Kelley Drye Volunteers for Justice Resource Center MENTOR Program
December 16, 2010

On December 16, 2010, Kelley Drye led 20 students and two teachers from Hillcrest High School in Queens, New York, on a court visit as part of the Justice Resource Center's (JRC) MENTOR program.

Designated by the American Bar Association as a “Diversity Pipeline Program,” MENTOR is collaboration between the legal industry and the school-age population. The JRC pairs leading law firms and corporate legal departments in New York City with local public high schools to support the schools’ curriculum efforts and expose public school children first-hand to the practice of law.

The field trip included a visit to Judge Denny Chin's chambers, followed by lunch at the court cafeteria. Most of the participating students were Asian or Asian American and were told of the judge’s background and career.

When he was two, Judge Chin came to the United States from Hong Kong. His father worked as a waiter in a restaurant in Chinatown and his mother was a seamstress. Judge Chin graduated from Stuyvesant High School, Princeton and Fordham Law School. In 1994, he became a district court judge and in 2010, President Barack Obama nominated him to the Second Circuit Court of Appeals, which the Senate confirmed by a 98-0 vote. He is the only Asian American judge with the United States Court of Appeals.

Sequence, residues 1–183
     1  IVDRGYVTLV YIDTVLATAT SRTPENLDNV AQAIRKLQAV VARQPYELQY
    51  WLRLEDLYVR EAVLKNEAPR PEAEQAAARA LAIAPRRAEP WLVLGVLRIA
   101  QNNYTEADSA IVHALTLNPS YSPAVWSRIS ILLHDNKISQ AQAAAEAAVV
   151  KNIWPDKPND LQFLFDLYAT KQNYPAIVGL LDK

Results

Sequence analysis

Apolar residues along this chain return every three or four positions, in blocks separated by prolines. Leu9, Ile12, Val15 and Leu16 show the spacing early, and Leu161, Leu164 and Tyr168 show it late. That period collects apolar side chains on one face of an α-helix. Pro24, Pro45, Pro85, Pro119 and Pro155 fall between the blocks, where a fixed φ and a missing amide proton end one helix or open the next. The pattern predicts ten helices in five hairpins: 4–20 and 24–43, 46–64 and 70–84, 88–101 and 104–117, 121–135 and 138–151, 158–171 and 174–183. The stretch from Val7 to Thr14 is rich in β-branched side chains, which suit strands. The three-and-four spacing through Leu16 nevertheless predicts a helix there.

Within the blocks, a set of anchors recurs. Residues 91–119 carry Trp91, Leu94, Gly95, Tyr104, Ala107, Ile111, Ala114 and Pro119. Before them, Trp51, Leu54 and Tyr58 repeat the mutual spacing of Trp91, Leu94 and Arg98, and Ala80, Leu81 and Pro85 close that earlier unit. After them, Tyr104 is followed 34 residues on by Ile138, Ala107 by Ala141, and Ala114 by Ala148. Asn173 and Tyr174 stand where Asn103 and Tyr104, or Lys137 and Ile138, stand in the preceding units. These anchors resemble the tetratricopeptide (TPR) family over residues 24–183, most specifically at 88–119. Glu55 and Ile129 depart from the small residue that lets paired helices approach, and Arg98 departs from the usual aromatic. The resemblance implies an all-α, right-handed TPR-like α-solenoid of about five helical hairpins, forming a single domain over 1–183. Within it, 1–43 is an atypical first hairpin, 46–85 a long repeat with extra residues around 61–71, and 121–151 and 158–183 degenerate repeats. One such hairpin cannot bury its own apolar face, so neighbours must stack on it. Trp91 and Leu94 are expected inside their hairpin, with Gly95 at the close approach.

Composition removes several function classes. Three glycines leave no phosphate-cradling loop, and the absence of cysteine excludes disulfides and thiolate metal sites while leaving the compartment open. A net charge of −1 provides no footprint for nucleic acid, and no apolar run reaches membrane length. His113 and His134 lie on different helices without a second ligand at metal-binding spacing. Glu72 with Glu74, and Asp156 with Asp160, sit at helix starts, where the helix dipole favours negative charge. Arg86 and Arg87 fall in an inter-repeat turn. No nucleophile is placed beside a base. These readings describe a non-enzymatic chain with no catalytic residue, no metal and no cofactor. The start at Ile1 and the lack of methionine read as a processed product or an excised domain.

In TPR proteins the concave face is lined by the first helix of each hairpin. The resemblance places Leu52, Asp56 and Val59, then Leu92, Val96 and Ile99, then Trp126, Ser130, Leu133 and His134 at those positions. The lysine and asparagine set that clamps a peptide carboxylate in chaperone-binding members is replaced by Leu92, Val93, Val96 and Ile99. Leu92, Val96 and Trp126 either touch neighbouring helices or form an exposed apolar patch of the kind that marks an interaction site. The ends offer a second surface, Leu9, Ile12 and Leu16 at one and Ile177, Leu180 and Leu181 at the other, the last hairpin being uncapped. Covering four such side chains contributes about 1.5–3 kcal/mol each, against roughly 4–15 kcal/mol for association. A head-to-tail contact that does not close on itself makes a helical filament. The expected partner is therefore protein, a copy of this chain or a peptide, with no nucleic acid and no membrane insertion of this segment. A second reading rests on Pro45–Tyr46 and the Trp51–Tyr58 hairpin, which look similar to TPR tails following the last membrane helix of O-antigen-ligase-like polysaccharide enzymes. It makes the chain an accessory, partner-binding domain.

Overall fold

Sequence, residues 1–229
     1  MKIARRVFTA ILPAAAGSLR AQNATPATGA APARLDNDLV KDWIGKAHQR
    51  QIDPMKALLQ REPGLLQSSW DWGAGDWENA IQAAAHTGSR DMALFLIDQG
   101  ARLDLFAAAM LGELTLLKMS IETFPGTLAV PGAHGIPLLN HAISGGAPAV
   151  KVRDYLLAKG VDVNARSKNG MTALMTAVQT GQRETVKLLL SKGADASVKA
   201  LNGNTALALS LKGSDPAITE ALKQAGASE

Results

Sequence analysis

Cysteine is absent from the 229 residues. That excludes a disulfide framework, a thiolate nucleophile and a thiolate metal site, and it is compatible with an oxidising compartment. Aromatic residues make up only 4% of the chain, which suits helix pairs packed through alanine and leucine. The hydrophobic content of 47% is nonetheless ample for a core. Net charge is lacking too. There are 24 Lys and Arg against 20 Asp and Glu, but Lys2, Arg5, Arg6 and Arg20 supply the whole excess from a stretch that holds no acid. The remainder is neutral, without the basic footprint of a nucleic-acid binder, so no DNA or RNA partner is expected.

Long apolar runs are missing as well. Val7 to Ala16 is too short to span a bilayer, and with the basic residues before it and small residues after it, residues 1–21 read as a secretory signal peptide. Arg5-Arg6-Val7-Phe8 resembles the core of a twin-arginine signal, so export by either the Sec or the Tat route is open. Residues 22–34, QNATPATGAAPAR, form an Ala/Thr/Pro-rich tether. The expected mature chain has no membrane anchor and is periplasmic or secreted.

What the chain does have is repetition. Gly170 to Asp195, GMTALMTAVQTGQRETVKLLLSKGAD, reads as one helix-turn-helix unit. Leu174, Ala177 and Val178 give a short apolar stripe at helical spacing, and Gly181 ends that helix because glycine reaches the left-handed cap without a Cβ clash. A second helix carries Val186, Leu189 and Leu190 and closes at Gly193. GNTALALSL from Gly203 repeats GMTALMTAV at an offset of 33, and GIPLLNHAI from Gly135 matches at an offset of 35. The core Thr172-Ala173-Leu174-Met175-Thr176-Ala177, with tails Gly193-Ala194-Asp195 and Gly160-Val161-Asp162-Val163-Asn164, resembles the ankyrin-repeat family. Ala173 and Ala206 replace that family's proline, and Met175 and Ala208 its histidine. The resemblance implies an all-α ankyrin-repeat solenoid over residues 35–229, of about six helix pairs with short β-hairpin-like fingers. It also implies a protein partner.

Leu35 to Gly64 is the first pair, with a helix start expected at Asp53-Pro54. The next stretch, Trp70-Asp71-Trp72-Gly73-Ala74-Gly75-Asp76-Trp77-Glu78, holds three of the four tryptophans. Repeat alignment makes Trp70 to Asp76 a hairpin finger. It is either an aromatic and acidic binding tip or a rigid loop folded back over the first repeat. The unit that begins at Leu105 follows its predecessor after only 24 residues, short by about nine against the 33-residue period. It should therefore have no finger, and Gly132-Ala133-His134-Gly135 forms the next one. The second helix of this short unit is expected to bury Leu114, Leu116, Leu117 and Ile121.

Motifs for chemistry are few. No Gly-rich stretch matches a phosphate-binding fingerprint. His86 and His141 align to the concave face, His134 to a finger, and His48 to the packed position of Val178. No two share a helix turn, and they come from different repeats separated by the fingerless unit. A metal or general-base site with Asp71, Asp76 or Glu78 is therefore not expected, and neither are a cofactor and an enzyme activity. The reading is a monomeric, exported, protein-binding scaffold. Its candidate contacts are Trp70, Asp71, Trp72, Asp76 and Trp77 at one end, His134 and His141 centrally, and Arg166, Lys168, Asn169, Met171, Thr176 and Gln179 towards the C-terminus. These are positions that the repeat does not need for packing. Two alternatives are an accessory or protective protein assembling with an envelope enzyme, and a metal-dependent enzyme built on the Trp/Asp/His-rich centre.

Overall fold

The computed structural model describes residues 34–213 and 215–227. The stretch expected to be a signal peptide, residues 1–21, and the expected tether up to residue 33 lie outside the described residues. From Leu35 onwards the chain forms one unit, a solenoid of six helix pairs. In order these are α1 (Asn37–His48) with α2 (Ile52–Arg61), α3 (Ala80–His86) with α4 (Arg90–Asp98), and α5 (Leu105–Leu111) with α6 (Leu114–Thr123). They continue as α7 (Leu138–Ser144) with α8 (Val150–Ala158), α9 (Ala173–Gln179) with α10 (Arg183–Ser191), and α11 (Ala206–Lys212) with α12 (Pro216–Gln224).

In the chambers, Judge Chin explained the law and the judge's role in ways that the students could understand. For example, using actual toys, he showed why a trademark violation had taken place. He then compared two other toys and demonstrated why in another case, there was no trademark infringement. The judge explained how the law affects many people, discussing intellectual property lawsuits involving several popular artists.

Judge Chin tackled the difficult positions a judge has to take as he discussed “Megan's Law,” which requires law enforcement authorities to make information available to the public regarding sex offenders. He explained why judges must be independent and protected from politics and popular opinion. Judge Chin also commented on the sentencing of Bernard Madoff—whether it was fair or not and how it affected the lives of so many.

"We were humbled when the judge told personal stories of his background. The students were shown what they could make of themselves with hard work and perseverance and that the American dream is alive and well.”